- I really don't like the current industry standard when it comes to developing websites (I mostly work in node.js), I like working with static websites (with static website generators like what the Svelte.js driver) and use a REST API for dynamic content. When working on the backend there's a library for everything and I've wasted so many hours this year to fix bugs and create workarounds related to dependencies. You need to dive into a rabbit hole for every tool and do something which may work or break something later. I've had so many issues with CICD and deployment to the cloud. There's a library for everything but there's so many that it's impossible to learn about the edge cases of everything. Doesn't help that everything is abstracted away, which works 90% of the time but I use 15 times the time to debug things when a bug appears. I work against a black box which may or may not have an up to date documentation and it's so complex that it will require you to yell incantations from the F#$K
era and sacrifice a goat for it to work properly.
- Learned that a lot of companies call their complex services "microservices". Ah yes, the microservice with 20 endpoints which all do completely unrelated tasks?
A question to all software security specialists of devRant. Please, take it serious.
Is it fundamentally possible to restrict a SQL database like Postgres in a way that unintended SQL queries are impossible to execute? Perhaps in some kind of whitelist fashion. Is it possible to achieve the kind of security that will be just fine exposed to the outside world akin to "SQL queries in onClick handlers" scenario?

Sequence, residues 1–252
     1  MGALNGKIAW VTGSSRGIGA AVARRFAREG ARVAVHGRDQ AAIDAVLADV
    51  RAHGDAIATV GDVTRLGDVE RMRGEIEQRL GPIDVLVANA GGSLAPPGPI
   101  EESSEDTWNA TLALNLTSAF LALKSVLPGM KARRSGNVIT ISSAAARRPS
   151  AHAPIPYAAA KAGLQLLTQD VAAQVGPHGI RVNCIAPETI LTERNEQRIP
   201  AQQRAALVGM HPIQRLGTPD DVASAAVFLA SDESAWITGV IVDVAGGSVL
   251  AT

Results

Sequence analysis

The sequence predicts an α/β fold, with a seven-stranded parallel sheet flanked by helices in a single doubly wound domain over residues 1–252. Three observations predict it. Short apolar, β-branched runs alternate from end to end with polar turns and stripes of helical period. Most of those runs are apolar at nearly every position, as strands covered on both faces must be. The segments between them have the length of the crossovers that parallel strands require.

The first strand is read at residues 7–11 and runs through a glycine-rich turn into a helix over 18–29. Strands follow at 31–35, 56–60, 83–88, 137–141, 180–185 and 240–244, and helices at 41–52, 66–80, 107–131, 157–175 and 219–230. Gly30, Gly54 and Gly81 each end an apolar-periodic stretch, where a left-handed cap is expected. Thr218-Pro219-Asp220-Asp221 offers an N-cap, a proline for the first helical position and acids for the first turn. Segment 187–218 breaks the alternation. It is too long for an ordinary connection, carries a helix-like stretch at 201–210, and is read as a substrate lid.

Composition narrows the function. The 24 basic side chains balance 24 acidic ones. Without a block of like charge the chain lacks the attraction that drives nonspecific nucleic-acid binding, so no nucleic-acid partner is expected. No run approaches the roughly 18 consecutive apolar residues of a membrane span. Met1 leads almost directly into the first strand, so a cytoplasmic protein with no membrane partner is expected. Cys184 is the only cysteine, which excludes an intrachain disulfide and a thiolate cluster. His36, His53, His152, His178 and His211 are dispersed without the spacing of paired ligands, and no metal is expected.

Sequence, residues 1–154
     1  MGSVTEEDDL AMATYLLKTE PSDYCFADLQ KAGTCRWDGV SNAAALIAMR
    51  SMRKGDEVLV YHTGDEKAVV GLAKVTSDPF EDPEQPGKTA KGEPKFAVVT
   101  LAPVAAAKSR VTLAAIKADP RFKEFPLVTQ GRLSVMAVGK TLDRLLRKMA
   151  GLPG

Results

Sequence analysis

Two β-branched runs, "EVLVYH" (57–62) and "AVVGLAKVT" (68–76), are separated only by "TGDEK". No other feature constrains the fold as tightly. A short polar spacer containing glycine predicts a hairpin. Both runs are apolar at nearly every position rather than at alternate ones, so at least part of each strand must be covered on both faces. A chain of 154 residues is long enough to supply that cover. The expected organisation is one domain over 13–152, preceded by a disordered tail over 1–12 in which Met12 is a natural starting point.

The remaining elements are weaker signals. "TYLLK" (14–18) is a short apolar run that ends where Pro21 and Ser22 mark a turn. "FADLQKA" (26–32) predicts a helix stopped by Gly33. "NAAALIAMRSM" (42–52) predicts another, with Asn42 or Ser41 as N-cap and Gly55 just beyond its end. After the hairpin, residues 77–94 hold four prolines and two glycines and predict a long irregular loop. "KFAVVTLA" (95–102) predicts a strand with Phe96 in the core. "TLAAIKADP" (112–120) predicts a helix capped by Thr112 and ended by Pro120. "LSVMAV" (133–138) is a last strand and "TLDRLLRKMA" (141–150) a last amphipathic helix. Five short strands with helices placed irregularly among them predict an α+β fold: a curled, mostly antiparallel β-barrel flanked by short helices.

Or is this an uphill battle of never being able to moderate an infinite set of possible fraudulent queries?5
Alright, so I'm starting to doubt a very fundamental, as in foundational aspect of my projec:
* __everything__ lives in the same repo.
This is... problematic. Because yeah they're my inhouse tools so to speak, so obviously I need them all together and shit.
BUT: what if you only want one particular tiny piece of code, say one of my string utils or whatever? Fucking great then, on cloning the repo you also get the code that enables 3D rendering on my shitty terminal emulator.
I'm not crazy in thinking I should break things up a little, right? I've already made most of the code modular enough (or encapsulated is a better term? idk); the OpenGL blocks don't know what a window is, and the (again, shitty) window manager doesn't know what a mesh is either.
So they are separate things that work well together. But they could also work well with someone else's code, and while I'm not making that impossible it is bit of a pain in the ass.